When you search for the term “gut microbiota” on FSTA you’ll find more than 13,000 articles. It’s one of the biggest areas of research in the science of food. In this guest article from microbiota expert and coach Silvia Barbaresi PhD, we get an insight into how a one researcher is using her expertise to suggest a new way of enhancing peak performance in elite football players…
Football is a team sport played worldwide by men and women, in constant evolution and with increasing economic implications beyond the physical and mental burden for all the athletes.
It plays a fundamental role in athletes’ growth and physical/mental development, evolving skills such as sense of teamwork, precision and alertness, snap-decision making, and physiological development in terms of muscles, bones, coordination, strength, in addition to higher cardiovascular fitness.
Often left behind as something of secondary importance, healthy nutrition lays the foundation of physical and mental performance in athletes, eliciting protection from pathological conditions that involve neuroendocrine and immunological systems, muscular, skeletal, and joint structures.
During training sessions and matches, football players go through cycles of low-intensity vs high-intensity efforts. Their activities include intermittent exercises of extended duration: walking, jogging, running at different speeds, kicking, jumping, tackling, sprinting, etc…. On average, during a match, football players do more than 1100 activity switches reaching an oxygen uptake of approximately 70% of their maximum capacity, with heart rates typically around 85% of their maximum levels (settling in the region of a high intensity training zone).
Skeletal muscle is the largest metabolic organ making up ∼50% of body mass. Its composition is highly plastic, regulated by the homeostasis of muscle protein synthesis and breakdown. It is affected by food consumption or nutrient supply, physical activity-training intensity and frequency, illness, oxidative stress, and inflammation.
The thought that, by eating badly, we can endanger our physical structure has a lot to do with the microbial community that sits in our gut, otherwise well-defined as "our little friends". Basically, we are talking about the microorganisms that live in our intestine, otherwise known as microbiota.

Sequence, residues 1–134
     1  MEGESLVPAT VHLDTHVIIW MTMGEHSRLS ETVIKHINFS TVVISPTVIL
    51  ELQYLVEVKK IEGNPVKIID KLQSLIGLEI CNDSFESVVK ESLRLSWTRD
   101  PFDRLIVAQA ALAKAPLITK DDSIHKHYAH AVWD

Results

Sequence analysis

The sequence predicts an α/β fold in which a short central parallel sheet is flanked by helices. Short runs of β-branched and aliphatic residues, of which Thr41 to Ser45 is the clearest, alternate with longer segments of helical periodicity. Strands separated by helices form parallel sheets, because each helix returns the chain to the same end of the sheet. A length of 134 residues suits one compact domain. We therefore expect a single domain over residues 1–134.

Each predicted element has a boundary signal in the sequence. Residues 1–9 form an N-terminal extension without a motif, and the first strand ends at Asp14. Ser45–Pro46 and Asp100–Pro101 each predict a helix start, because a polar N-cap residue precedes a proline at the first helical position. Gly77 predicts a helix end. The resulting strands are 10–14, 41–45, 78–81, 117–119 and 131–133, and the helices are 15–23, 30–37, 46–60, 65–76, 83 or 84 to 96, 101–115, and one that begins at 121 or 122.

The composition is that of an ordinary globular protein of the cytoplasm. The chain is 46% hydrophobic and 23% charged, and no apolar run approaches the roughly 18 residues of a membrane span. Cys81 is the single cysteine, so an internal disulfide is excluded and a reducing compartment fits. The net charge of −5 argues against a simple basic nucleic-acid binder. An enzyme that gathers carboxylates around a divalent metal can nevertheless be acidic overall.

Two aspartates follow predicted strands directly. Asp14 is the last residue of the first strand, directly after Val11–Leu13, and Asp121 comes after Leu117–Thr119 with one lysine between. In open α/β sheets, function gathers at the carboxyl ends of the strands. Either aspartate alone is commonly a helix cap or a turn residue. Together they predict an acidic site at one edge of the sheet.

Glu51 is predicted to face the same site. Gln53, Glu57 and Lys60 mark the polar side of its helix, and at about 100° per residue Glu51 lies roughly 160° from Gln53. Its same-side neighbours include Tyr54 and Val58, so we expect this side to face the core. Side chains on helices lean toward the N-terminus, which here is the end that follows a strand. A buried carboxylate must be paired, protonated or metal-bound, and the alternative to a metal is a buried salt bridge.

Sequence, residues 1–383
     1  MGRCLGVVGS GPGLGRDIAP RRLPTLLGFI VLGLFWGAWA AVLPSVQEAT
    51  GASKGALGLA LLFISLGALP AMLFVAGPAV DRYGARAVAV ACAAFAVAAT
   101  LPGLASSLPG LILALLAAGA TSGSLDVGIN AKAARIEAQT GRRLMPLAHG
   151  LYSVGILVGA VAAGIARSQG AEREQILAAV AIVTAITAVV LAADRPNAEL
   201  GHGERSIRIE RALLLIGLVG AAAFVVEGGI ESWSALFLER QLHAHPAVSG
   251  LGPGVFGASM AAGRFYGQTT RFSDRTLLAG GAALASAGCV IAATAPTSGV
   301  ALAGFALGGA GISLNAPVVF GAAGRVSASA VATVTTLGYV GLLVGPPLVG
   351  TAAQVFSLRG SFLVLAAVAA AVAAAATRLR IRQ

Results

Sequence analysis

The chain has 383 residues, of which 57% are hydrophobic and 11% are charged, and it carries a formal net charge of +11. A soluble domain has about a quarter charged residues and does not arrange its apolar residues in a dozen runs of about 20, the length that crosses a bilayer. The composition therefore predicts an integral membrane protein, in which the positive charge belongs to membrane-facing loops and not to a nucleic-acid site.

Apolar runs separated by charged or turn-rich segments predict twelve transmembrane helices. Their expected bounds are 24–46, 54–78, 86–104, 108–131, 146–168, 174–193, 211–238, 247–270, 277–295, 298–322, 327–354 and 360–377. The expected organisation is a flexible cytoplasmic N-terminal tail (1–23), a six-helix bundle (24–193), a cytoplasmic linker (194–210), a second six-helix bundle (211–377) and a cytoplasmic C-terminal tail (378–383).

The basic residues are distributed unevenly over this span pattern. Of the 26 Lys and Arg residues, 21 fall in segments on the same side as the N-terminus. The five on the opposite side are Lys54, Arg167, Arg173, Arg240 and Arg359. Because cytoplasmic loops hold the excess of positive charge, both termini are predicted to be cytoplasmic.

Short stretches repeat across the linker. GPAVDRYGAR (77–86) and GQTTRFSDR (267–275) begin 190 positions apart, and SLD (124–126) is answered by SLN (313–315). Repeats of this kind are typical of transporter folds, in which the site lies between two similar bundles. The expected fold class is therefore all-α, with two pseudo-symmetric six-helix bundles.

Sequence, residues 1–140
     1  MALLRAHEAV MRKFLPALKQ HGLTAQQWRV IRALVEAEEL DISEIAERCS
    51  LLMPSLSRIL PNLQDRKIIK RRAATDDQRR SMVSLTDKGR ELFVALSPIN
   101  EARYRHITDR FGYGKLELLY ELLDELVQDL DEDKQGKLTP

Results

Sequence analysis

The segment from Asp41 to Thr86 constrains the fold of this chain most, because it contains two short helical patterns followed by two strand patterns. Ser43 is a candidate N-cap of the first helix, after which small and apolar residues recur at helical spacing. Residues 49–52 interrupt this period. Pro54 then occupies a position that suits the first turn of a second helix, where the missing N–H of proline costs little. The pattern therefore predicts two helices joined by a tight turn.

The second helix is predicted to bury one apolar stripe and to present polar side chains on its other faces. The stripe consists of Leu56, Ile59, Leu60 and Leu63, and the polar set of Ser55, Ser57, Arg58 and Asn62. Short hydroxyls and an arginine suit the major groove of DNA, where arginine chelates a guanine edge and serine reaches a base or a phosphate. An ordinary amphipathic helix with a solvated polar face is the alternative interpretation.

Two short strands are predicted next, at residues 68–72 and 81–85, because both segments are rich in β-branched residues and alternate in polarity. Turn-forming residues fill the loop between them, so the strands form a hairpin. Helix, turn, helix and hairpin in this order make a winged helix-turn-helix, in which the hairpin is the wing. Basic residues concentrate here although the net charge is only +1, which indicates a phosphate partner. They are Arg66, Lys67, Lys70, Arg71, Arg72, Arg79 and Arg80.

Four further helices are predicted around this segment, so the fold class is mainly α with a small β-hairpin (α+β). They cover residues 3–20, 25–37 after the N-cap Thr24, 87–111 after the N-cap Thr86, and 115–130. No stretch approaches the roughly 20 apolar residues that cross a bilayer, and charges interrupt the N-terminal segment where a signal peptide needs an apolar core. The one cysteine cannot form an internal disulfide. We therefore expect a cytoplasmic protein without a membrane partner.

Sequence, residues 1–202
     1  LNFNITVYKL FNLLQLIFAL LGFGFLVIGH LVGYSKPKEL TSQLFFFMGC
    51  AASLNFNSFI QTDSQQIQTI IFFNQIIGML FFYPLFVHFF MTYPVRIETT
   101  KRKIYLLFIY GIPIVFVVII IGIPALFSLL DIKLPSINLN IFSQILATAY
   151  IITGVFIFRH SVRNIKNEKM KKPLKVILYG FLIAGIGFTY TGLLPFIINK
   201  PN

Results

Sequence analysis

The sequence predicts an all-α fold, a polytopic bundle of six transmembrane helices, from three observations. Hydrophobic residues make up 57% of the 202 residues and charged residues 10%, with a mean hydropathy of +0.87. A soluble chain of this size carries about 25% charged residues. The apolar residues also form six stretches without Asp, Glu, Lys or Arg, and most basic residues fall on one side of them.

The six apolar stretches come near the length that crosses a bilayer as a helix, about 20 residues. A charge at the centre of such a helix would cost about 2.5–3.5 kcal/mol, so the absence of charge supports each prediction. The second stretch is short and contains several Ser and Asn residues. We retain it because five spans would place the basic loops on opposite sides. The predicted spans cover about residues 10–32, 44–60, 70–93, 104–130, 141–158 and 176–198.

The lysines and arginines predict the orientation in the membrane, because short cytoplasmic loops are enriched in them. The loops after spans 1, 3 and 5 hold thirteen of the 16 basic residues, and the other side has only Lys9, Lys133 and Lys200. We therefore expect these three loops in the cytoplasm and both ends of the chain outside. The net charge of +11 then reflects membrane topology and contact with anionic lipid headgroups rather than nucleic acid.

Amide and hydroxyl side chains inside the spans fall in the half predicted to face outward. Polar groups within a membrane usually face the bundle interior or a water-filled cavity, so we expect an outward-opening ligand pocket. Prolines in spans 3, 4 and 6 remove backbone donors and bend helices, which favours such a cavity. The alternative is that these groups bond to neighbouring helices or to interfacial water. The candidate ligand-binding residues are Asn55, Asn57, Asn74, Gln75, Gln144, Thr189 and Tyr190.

Some scientists interpret the microbiota as a new organ capable of interacting with our other organs, influencing their function and state of health. So, what happens when the “microbiota organ” gets sick, often due to an improper diet, an incorrect lifestyle, chronic stress, or drug abuse?
Let's start by defining the health status of the microbiota organ...
A healthy (eubiotic) microbiota is characterized by great biodiversity. In other words, it is made up of a large number of microbial species (over 500 and up to 1,000 among bacteria, archaea, fungi, algae, and small protists), but not all of them in equal quantities. Those that prevail belong to two large groupings (Phylum) and play a pivotal role in keeping our gut, and consequently the entire organism, in a healthy state - remember that Hippocrates, the founding father of today's medicine, claimed that all pathologies start from the intestine.
When the good bacteria (probiotics) are well-represented, the potentially pathogenic ones (pathobionts) are less abundant (if this was a cooking recipe, in Belgium, we would say "just what it takes"). Those few need to be there because this way our immune system remains constantly on alert, ready to act, in a mild chronic and beneficial stress.
The intestine is deeply connected with the environment. Through food we can introduce into our body substances or microorganisms potentially harmful to our health. For this reason, the intestinal mucosa is equipped with a large lymphatic system which, like the police stations of a large city, always remains operational even when we are fasting and sleeping.
When the variability of our microbiota is reduced (often following a poor or unbalanced diet), potentially pathogenic species tend to overgrow, taking over the others. This is when intestinal dysbiosis occurs.
A dysbiotic gut is a gut that doesn't work efficiently. Symptoms such as abdominal pain, bloating, flatulence, constipation or diarrhea may then appear. Most of these symptoms are related to the release of inflammatory mediators. Some of them can leave the intestinal lumen and start travelling through the blood, lymph, and nerves (see vagus nerve) and thus reach other organs, transferring the inflammation everywhere.
The Importance of the Gut-Brain, Gut-Muscle and Gut-Joint Axis
This led scientists to establish the existence of reciprocal interactions between microbes, metabolites and organs: Gut-Brain Axis, Gut-Muscle Axis, and Gut-Joint Axis. These connections rely on the metabolic and endocrine nature of the skeletal muscle, in continuous crosstalk with other systems such as the gastrointestinal tract and its microbial population.